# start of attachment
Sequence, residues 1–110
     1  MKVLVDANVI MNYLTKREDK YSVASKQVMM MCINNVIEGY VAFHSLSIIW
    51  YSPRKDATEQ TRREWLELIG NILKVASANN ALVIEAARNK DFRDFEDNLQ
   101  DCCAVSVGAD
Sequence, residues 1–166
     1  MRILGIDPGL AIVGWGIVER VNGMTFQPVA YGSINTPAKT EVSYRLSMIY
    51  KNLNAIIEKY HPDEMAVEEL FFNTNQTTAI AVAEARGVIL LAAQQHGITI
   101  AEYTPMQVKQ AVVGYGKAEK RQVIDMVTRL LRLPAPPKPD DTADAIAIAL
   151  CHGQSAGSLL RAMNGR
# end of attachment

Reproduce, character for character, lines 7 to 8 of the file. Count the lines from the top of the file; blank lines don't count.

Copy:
    51  KNLNAIIEKY HPDEMAVEEL FFNTNQTTAI AVAEARGVIL LAAQQHGITI
   101  AEYTPMQVKQ AVVGYGKAEK RQVIDMVTRL LRLPAPPKPD DTADAIAIAL